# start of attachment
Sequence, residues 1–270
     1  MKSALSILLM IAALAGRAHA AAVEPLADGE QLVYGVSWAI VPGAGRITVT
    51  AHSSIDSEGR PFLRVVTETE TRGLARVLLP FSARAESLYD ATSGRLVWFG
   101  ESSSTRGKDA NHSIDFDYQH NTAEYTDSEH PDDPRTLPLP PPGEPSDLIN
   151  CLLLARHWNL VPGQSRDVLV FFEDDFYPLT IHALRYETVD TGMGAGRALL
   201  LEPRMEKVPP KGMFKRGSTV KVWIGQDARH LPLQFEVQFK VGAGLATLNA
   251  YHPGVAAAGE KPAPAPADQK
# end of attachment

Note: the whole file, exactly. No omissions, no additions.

Sequence, residues 1–270
     1  MKSALSILLM IAALAGRAHA AAVEPLADGE QLVYGVSWAI VPGAGRITVT
    51  AHSSIDSEGR PFLRVVTETE TRGLARVLLP FSARAESLYD ATSGRLVWFG
   101  ESSSTRGKDA NHSIDFDYQH NTAEYTDSEH PDDPRTLPLP PPGEPSDLIN
   151  CLLLARHWNL VPGQSRDVLV FFEDDFYPLT IHALRYETVD TGMGAGRALL
   201  LEPRMEKVPP KGMFKRGSTV KVWIGQDARH LPLQFEVQFK VGAGLATLNA
   251  YHPGVAAAGE KPAPAPADQK